Arctic cod spawns once in its lifetime . Its fecundity is 9 000 to 21 000 eggs, on average 11 900 eggs per females. The spawning season extends from late November to early February in the Beaufort Sea, from end of December to February in Soviet waters, and from January to February (sometimes April) in the White Sea. Although spawning occurs in the coastal areas of the Beaufort Sea and under the shore ice of the White and Barents Seas, the relative importance of nearshore sites compared with regions farther offshore for spawning remains unknown. Because of the unpredictable conditions of its environment, Arctic cod is an r-selected species with early maturity, rapid growth, production of larger numbers of offspring at a given parental size, small body size, high rates of mortality, and shorter life span.  Lagoon and coastal fish are larger at each age than those from deep offshore waters, since warmer coastal waters provide more favorable growth conditions. In Simpson lagoon (Beaufort Sea), a 1 year individual may attain 60 mm total length (usually 21 mm), and older fish vary from 45-257 mm (usually 60-170 mm) while the largest fish offshore usually vary from 60-110 mm; the maximum age is 6-7 years.Arctic cod feed mostly on epibenthic mysids and also on amphipods and copepods. For those that are under the ice surface in offshore waters, fish is the principal food item during the winter. Although they prefer to eat mysids, the dietary importance and proportions of the major groups of prey are based on prey availability. For example, the food of some of the specimens examined in the White Sea consisted exclusively of young shrimp.It is an important food-fish for many of the larger mammals and birds of the Arctic seas.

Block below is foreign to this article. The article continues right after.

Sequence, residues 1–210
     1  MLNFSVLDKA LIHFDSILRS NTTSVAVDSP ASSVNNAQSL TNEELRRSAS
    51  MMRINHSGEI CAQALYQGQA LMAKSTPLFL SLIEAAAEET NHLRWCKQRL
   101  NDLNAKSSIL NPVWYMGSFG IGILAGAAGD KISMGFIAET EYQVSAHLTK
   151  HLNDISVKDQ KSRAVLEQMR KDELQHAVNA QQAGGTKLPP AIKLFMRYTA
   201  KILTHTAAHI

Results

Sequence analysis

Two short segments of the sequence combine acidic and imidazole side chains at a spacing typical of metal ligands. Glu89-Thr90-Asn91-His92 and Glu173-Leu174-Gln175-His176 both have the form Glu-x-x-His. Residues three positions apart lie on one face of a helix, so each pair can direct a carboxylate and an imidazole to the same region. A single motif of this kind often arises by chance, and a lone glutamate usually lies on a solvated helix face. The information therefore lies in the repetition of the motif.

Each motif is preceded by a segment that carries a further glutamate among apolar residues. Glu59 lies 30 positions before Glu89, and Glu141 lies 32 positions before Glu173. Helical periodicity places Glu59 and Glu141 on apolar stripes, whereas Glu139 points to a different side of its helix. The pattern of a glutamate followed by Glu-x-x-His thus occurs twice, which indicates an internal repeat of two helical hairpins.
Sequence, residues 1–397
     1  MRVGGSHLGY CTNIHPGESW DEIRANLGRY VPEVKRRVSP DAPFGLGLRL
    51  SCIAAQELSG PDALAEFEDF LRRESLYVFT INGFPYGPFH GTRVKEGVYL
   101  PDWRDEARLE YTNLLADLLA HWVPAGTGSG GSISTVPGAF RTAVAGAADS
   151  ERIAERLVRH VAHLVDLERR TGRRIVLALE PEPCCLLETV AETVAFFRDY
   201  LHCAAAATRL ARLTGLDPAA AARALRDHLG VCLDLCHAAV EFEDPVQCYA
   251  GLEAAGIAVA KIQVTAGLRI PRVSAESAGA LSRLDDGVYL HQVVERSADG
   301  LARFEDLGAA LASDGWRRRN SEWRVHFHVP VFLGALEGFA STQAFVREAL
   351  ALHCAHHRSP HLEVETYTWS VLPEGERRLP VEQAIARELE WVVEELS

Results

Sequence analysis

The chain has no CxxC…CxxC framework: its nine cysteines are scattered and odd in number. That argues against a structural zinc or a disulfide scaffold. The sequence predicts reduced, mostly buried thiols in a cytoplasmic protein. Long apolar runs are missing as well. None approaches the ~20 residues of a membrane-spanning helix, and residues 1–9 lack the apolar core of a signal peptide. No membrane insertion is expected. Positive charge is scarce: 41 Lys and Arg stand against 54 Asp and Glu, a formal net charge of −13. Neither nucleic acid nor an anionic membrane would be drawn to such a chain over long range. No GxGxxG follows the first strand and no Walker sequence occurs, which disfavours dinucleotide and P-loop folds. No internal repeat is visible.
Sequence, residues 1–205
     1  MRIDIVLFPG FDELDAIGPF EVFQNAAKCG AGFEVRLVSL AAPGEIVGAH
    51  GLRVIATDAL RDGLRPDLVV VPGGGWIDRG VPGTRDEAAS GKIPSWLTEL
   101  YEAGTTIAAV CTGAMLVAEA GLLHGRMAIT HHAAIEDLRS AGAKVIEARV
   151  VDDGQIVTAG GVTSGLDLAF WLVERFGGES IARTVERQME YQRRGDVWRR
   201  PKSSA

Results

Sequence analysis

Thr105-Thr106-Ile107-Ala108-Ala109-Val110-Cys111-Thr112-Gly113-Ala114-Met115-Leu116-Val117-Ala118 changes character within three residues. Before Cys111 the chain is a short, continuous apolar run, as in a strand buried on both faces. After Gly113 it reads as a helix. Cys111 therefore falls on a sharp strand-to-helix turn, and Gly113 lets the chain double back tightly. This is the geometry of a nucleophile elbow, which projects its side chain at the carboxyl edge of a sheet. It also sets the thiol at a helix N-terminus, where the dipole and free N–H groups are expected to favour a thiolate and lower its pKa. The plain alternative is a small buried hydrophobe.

Size
    Reaches 40 cm total length; common to 25 cm.
    Interest to Fisheries
    Arctic cod used to be intensively fished by former USSR, Norway, Danish and German Dm Rp vessels using bottom trawl and mid-water trawl. The fishing grounds are the European part of former USSR, Barents and White Seas, and the northwest Atlantic. The fish is pursued from January through May producing massive catches during February. In 1984, world catches totalled 23 709 t, and after that year they declined steadily, although the stocks are little affected by fishing because r-selected species can support higher levels of fishing mortality and have a quicker recovery time. The total catch reported for 1987 in the FAO Yearbook for Fishery Statistics is 11 713 t, all taken by former USSR.
    In Canadian waters, Arctic cod has a limited commercial value because it is small and apparently not abundant. The flesh is said to be of low quality. It is exploited in a minor way as an industrial fish, but has great potential for increased catches. Its major utilization by Norwegians is for fish meal and oil.The total catch reported for this species to FAO for 1999 was 22 005 t. The countries with the largest catches were Russian Federation (22 005 t).
    Local Names
    DENMARK : Polartorsk .
    GERMANY : Polardorsch .
    NORWAY : Polartorsk .
    USA : Arctic cod ,  Polar cod .
    USSR : Saika .
    CANADA : Arctic cod ,  Polar cod .
    Source of Information
    FAO species catalogue. Vol.10. Gadiform Fishes of the world (Order Gadiformes). An Annotated and Illustrated Catalogue of Cods, Hakes, Grenadiers and other Gadiform Fishes Known to Date.Daniel M.Cohen Tadashi Inada Tomio Iwamoto Nadia Scialabba 1990.  FAO Fisheries Synopsis. No. 125, Vol.10. Rome, FAO. 1990. 442p.
    Bibliography
    Altukhov, (1979)
    Andriashev, (1954)
    Craig et al. (1982)
    Jensen, (1948)
    Leim & Scott, (1966)
    Moskalenko, (1964)
    Wheeler, (1978)
     
    Powered by FIGIS